Attack on HSAs

The U.S. Senate Committee on Finance has proposed new changes to Health Savings Accounts (HSAs) that could make them less attractive in the future. These options are only “proposed” so they are open for discussion. Here’s what you need to know about what these provisions would do to HSAs.

First, the Committee is proposing to reduce the amount you can contribute to your HSA each year by going back to the old rule which limits your annual contribution to the amount of your deductible for your HSA-qualified insurance plan. Today, you can contribute up to $5,950 to your HSA for your family ($3,000 for singles) regardless of the level of your HSA plan deductible.

Second, the Committee is debating whether to impose a limit on the amount of health care benefits available through employers that is tax-free to employees. This limit could apply to both the full cost of health insurance provided by the employer and contributions to health care accounts such as HSAs. For example, if the Committee sets a limit of $13,000 for tax-free benefits, any combination of insurance plus HSA contributions that exceeds $13,000 would be taxable. On the other hand, if one’s employer-sponsored health insurance costs $12,000, then the maximum HSA contribution would be only $1,000, even if you had a deductible above that amount. (See the previous paragraph.)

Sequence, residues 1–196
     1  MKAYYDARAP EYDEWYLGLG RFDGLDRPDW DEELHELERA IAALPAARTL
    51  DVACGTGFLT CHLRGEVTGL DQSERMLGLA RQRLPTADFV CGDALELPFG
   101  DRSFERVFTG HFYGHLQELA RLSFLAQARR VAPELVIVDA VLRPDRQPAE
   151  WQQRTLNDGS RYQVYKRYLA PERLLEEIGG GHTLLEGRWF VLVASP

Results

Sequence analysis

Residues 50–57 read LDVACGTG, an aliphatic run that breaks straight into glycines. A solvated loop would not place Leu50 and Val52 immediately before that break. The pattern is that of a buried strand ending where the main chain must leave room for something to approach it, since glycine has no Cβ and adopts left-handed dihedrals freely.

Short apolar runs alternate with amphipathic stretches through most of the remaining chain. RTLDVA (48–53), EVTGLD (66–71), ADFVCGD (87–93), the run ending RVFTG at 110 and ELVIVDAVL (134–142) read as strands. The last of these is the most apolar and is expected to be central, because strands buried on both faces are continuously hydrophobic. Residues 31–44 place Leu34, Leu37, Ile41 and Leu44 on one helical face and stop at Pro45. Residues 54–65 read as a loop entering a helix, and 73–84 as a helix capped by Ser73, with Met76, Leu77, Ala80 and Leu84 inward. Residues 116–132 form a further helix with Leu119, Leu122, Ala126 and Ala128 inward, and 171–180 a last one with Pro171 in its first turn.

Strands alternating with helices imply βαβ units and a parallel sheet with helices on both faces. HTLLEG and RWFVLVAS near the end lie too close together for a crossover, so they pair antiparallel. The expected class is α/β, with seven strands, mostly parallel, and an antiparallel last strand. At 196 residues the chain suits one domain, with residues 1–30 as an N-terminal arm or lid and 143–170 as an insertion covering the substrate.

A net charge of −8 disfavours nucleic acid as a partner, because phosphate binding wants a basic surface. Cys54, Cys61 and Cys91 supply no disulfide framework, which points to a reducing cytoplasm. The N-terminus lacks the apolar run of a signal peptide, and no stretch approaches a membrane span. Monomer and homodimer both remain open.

Third, the Committee is considering requiring that your employer or an independent third party certify that any withdrawal from your HSA is for a qualified medical expense. If the withdrawal is not certified, even if it was for a legitimate qualified expense, the withdrawal would be subject to income tax and a tax penalty. This would greatly increase the administrative burden of HSA plans and make them less attractive to employers and maybe employees as well.

Fourth, the Committee wants to raise the tax penalty from 10% to 20% on withdrawals from an HSA for nonmedical purposes. This is in addition to the income taxes due on any non-qualified withdrawals (if under age 65).

Finally, the Committee is thinking about changing the definition of a “qualified medical expense” to remove over-the-counter medicines (e.g., aspirin and other pain relievers, etc.) and medical products (e.g., band aids, anti-fungal creams and ointments, etc.). This means you could not use your HSA funds tax-free to pay for these types of expenses, as you can today. Unfortunately, this change would only allow you to pay with pre-tax dollars for prescription medicines and products in the future.

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